- New rules are to be established to ringfence COVID-19 commercial rent arrears and guide tenants and landlords to agree repayment plans
- Measures to protect commercial tenants have been extended until new rules come into force
- The announcement has been particularly welcomed by the hospitality sector
Businesses that have had to remain closed during the pandemic and are unable to pay rent on their commercial property will continue to be protected from eviction, giving them the breathing space they need and helping to protect jobs, the government has announced yesterday (16 June 2021).
In order to give businesses the help they need to recover from the pandemic, Communities Secretary Robert Jenrick announced that legislation will be introduced in this session to ringfence outstanding unpaid rent that has built up when a business has had to remain closed during the pandemic. Landlords are expected to make allowances for the ringfenced rent arrears from these specific periods of closure due to the pandemic, and share the financial impact with their tenants.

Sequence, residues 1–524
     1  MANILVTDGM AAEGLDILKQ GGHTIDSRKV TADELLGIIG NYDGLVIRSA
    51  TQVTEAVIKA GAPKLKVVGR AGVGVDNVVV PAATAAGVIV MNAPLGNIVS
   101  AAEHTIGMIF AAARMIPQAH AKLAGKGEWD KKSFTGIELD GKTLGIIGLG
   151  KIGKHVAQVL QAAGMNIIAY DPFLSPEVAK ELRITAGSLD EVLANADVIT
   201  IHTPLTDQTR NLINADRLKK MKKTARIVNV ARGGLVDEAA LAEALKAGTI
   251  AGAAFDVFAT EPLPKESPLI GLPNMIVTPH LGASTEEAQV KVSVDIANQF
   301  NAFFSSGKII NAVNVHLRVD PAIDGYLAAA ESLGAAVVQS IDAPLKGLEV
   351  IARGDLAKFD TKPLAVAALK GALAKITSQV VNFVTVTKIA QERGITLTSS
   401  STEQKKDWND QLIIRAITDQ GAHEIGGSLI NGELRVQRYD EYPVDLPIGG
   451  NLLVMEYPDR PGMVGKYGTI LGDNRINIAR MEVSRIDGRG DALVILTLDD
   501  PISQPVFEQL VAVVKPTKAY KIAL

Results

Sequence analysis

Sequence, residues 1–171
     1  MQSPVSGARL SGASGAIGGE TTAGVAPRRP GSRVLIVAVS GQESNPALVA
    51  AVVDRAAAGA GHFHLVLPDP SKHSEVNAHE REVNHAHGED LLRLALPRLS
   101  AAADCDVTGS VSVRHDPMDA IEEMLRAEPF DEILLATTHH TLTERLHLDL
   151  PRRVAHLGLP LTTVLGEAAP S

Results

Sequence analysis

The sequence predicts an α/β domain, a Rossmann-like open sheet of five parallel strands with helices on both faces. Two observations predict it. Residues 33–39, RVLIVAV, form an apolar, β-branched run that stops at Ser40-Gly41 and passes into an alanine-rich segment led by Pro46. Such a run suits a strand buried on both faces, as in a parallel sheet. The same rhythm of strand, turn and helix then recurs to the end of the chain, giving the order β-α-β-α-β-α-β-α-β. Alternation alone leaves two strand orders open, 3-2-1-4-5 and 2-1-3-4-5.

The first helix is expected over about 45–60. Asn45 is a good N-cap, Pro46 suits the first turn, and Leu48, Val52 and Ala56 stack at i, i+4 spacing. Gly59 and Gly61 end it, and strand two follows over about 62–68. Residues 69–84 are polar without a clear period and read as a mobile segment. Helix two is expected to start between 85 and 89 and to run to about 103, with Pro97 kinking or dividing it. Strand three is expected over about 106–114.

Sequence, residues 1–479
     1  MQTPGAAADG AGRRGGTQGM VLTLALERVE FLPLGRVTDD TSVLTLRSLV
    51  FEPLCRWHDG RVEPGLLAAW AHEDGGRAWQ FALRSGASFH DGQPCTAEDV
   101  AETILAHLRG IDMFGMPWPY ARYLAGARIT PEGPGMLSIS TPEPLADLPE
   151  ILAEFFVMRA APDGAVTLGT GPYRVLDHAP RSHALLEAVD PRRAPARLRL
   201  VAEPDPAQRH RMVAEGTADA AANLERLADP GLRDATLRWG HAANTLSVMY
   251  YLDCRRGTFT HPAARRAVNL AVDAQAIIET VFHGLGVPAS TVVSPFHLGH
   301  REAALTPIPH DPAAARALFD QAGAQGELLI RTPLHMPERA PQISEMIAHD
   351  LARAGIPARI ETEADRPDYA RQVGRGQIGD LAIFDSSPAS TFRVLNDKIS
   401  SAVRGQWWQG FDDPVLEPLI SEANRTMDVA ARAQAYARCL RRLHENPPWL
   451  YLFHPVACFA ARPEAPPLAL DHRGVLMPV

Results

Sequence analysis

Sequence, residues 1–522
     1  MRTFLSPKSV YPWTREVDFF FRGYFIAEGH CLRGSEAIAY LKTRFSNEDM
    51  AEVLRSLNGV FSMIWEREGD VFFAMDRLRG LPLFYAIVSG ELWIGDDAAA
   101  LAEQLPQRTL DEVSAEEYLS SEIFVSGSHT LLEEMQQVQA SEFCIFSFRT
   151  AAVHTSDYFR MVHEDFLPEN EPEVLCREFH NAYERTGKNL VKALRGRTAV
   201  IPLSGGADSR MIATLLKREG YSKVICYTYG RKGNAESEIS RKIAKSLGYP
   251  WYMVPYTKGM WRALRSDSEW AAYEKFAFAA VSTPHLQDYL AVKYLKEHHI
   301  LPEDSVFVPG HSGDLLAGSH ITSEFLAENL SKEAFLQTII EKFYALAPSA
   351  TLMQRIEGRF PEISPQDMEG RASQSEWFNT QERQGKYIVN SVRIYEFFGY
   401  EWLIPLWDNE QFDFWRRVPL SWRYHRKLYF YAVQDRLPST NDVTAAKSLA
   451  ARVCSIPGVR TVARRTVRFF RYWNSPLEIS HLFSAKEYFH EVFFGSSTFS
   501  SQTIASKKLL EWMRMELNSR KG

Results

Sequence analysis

The legislation is intended to help tenants and landlords work together to come to an agreement on how to handle the money owed – this could be done by waiving some of the total amount or agreeing a longer-term repayment plan. This agreement should be between the tenant and landlord and, if in some cases, an agreement cannot be made, the law will ensure a binding arbitration process will be put in place so that both parties can come to a formal agreement. This will be a legally binding agreement that both parties must adhere to.
In order to ensure landlords are protected, the government is making clear that businesses who are able to pay rent, must do so. Tenants should start paying their rent as soon as restrictions change, and they are given the green light to open.
The existing measures in place to protect commercial tenants from eviction will be extended to 25 March 2022. This is to ensure that the sectors who are unable to open have enough time to come to an agreement with their landlord without the threat of eviction.